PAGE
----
Some years ago, several years before I started this blog, I interviewed a British concert pianist in his home in leafy suburbia. Apart from the fact that he had a special piano room separate from the rest of the house, his existence, at first sight, was not dissimilar to mine. There was evidence of family, children and pets; he answered the door in his socks, and spoke about his “work”(conjuring magic out of that big black box of wood and wires) as if it were any other nine-to-five job. He lived in an ordinary street, in an ordinary suburb of London. Naively, I had been expecting his music room to be a Lisztian salon, rather than an office, and he an effete artist detached from the real world. His very ordinariness was something of a surprise to me.
I have subsequently realised, from my many interviews and interactions with classical musicians via my blog, my reviewing and my own experience as a musician, that this “ordinariness” – treating one’s work as “normal job” – is a way of protecting oneself against the exigencies of life as a classical musician. Because in order to succeed in this fast-paced and highly competitive profession, one has to be prepared to put in the work, hard work, every day, while also maintaining a healthy degree of perspective about what one does. In addition, one has to deal with the cynics out there who do not regard music as “a proper job”.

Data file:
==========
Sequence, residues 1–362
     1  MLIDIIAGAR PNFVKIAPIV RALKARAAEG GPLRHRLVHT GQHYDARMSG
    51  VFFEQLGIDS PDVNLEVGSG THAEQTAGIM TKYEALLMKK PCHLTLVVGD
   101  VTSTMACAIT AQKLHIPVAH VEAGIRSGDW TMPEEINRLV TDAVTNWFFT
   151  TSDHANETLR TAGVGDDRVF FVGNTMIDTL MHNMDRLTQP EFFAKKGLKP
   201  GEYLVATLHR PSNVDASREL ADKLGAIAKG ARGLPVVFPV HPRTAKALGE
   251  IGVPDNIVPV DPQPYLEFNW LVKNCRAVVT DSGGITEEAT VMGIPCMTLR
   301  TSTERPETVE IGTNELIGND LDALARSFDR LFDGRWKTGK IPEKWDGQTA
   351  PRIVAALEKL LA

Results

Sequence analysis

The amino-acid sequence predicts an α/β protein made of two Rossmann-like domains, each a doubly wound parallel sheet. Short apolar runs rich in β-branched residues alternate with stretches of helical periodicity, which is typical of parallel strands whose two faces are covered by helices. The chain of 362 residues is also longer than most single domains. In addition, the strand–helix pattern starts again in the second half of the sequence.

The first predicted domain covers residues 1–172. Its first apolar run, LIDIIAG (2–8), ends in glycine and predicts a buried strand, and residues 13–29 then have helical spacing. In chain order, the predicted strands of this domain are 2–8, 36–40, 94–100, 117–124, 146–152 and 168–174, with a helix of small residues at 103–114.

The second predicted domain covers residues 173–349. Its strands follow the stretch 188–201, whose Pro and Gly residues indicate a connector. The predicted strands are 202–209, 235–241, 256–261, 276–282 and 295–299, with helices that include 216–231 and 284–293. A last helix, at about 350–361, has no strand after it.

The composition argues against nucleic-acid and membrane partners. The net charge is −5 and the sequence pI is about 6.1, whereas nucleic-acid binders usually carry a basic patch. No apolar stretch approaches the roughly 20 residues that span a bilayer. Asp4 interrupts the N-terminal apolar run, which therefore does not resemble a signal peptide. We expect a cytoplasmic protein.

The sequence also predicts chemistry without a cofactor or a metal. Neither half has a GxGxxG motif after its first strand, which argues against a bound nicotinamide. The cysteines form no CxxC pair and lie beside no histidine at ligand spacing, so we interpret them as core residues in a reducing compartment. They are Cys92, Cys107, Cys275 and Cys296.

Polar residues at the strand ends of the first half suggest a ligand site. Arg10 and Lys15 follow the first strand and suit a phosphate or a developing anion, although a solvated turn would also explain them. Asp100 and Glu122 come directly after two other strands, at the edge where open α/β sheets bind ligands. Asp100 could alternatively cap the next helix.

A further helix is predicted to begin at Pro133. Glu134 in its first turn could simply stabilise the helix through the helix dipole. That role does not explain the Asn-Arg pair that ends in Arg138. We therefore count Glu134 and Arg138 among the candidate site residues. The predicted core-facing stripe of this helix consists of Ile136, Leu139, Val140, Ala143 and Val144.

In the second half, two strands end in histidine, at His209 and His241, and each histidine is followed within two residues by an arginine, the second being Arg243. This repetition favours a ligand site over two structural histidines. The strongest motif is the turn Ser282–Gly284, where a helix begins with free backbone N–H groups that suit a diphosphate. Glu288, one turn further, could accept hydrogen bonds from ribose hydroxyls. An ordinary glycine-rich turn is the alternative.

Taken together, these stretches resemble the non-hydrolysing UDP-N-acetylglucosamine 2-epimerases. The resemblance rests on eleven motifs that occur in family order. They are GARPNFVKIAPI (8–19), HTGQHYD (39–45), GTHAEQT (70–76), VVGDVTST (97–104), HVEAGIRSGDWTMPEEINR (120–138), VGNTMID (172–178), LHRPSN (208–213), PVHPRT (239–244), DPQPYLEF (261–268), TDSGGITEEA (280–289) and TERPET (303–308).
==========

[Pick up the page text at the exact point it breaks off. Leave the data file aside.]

For the professional musician, work (and “work” often simply means “practising”) shapes every hour and is the cadence by which one sets one’s life. Without it, one can feel directionless, without focus. Yet practising, four to five hours every day, can also be a form of captivity: when one is wrestling with something new and tricky, when the same page of the score confronts one day after day, it can feel as if one does not move forward in the night.
In addition, there is all the painstaking work to be done away from the keyboard, reading, analysing and annotating scores, cutting through the music to the heart of what it is about. Living with the piece to find out what makes it special, studying style, the contextual background which provides invaluable insights into the way it should be interpreted. The endless striving to find the emotional or spiritual meaning of a work, its subtleties and balance of structure, and how to communicate all of this to an audience as if telling the story for the very first time. There is new repertoire to be learnt, old repertoire to be revised, overhauled, finessed, or just simply kept going, a vast catalogue “in the fingers” which can be made ready for some kind of performance within a matter of days, depending on one’s schedule. (I interviewed an international concert pianist recently who told me he had “10 concertos” in the fingers and memory ready to play “that evening” if required).
On top of that, one must attend to the “business side” of the profession – contacting promoters, agents, concert organisers, updating one’s website, creating publicity material, general admin – all of which is time-consuming and can seem like an irritating distraction from the real work of studying the music.